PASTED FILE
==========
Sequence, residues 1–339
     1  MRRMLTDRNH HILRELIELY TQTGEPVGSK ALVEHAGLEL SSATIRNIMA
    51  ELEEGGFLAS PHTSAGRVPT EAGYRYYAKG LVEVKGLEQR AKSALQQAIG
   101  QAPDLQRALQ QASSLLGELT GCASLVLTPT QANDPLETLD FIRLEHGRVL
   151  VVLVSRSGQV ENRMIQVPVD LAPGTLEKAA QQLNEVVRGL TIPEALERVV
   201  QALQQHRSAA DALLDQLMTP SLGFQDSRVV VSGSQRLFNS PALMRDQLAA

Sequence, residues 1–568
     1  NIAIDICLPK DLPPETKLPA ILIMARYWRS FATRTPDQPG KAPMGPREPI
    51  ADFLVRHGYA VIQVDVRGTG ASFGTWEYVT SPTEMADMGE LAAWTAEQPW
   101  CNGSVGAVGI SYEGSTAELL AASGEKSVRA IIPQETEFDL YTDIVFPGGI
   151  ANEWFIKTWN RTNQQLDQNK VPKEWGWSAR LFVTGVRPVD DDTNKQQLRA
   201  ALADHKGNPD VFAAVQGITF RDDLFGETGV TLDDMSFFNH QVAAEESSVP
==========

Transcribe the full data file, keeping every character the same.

Sequence, residues 1–339
     1  MRRMLTDRNH HILRELIELY TQTGEPVGSK ALVEHAGLEL SSATIRNIMA
    51  ELEEGGFLAS PHTSAGRVPT EAGYRYYAKG LVEVKGLEQR AKSALQQAIG
   101  QAPDLQRALQ QASSLLGELT GCASLVLTPT QANDPLETLD FIRLEHGRVL
   151  VVLVSRSGQV ENRMIQVPVD LAPGTLEKAA QQLNEVVRGL TIPEALERVV
   201  QALQQHRSAA DALLDQLMTP SLGFQDSRVV VSGSQRLFNS PALMRDQLAA

Sequence, residues 1–568
     1  NIAIDICLPK DLPPETKLPA ILIMARYWRS FATRTPDQPG KAPMGPREPI
    51  ADFLVRHGYA VIQVDVRGTG ASFGTWEYVT SPTEMADMGE LAAWTAEQPW
   101  CNGSVGAVGI SYEGSTAELL AASGEKSVRA IIPQETEFDL YTDIVFPGGI
   151  ANEWFIKTWN RTNQQLDQNK VPKEWGWSAR LFVTGVRPVD DDTNKQQLRA
   201  ALADHKGNPD VFAAVQGITF RDDLFGETGV TLDDMSFFNH QVAAEESSVP